We consider meaning of Pakistan as Punjabistan. Madeleine Albright, the former U.S. Foreign Secretary of State/Minister, said openly that “Pakistan is a Migraine for the world”. International Community committed error by not accepting G.M. Syed’s advice, and now this same mistake should not be repeated again, to get rid of religious extremism, international community should support Sindhis, Bashir Qureshi said.
“We Sindhis, though are stronger than Balochistan in terms of ideology but in fighting and resistance Balochs are far ahead than us. We demand end to operation in Balochistan and fully support independence of Balochistan, and further demand freedom and independence of all nations who have separate existence, he (Bashir Qureshi) said

The Birth Anniversary of G.M. Syed was attended by some five thousands men & women on January 5, coverage of the event widely reported on January 6th 2009.

Background: At present there are four major groups/parties following into the political footsteps of late Jeay Sindh group led by Bashir Qureshi called JSQM is considered to be successor of G.M. Syed’s movement and most popular among its Jeay Sindh’s workers.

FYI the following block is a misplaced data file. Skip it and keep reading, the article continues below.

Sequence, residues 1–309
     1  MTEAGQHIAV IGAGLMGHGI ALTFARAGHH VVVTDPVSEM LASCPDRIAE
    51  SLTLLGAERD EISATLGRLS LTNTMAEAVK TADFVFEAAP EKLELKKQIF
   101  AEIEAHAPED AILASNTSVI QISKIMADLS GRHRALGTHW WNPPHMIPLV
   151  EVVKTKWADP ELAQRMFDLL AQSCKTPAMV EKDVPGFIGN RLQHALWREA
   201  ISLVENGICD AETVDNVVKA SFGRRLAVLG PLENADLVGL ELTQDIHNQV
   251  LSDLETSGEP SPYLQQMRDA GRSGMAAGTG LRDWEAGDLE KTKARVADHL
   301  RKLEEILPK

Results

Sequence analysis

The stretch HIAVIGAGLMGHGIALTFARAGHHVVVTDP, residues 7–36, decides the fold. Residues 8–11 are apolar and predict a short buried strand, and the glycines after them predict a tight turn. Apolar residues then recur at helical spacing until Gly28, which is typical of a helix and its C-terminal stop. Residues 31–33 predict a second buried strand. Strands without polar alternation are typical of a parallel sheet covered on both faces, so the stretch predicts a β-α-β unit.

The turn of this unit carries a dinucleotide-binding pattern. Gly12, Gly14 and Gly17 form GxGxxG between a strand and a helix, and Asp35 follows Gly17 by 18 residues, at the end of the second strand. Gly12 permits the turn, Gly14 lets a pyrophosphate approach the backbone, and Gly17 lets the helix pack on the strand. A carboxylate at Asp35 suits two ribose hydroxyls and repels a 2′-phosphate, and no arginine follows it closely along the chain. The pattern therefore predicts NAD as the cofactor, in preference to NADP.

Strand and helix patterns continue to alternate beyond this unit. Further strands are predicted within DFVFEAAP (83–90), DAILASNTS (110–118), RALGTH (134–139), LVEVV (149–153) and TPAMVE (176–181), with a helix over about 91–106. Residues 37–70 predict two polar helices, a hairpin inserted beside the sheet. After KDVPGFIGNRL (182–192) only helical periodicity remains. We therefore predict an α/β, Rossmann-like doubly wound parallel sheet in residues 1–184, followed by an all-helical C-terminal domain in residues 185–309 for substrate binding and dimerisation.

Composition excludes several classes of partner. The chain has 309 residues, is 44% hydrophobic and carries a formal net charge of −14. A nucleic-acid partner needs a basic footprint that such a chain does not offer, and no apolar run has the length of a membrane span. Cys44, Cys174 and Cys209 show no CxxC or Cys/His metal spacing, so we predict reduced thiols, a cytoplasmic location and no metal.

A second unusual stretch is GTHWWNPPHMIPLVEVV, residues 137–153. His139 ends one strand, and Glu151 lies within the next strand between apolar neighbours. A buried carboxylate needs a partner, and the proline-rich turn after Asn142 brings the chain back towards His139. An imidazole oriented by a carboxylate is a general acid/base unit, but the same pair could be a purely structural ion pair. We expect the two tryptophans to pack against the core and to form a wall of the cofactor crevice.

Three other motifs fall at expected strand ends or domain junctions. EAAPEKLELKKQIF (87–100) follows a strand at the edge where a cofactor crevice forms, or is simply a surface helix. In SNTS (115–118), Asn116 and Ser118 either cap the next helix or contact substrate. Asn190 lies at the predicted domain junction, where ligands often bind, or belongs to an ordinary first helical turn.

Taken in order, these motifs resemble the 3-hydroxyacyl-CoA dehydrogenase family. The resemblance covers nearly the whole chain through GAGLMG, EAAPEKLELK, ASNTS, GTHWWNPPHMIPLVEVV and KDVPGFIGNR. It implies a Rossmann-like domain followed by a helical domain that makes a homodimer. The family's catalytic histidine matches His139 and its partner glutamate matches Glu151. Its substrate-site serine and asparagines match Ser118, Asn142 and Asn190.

Other groups are JSQM-Areesar Group and Jeay Sindh Mahaz-Junejo Group, the fourth group is led by Syed’s own family called Sindh United Party (SUP), it is led by G.M. Syed’s grandson Syed Jalal Shah, who is a former member of Sindh Assembly and Deputy Speaker & acting speaker of Sindh provincial assembly. SUP has moved from demanding separation of Sindh to provincial autonomy of Sindh while remaining into Pakistan’s framework. Where as other three groups still demand independence of Sindh.

From the archive of the history: Mass movement in Sindh- Every minute has story to tell

By Anne Weaver, Special to The Christian Science Monitor

In a surprisingly strong, rural mass movement in Sindh – the first such political movement outside the cities that Pakistan has seen – thousands have continued their defiance of General Zia’s martial law regime. At least 38 people have died in the protests. According to opposition sources, 80 are dead. The opposition claims 7,000 have been arrested or successfully ”courted arrest.” The government acknowledges that some 1,400 Sindis are under arrest.

Driving through Sindh’s interior, where slate hills turn to desert and large tracts of rice, wheat, and cotton fields are flooded by monsoon rains, one is struck by the poverty. There are few development programs here.

People live on the margin of an agricultural economy. One passes through a score of hamlets and villages hugging the banks of the Indus River.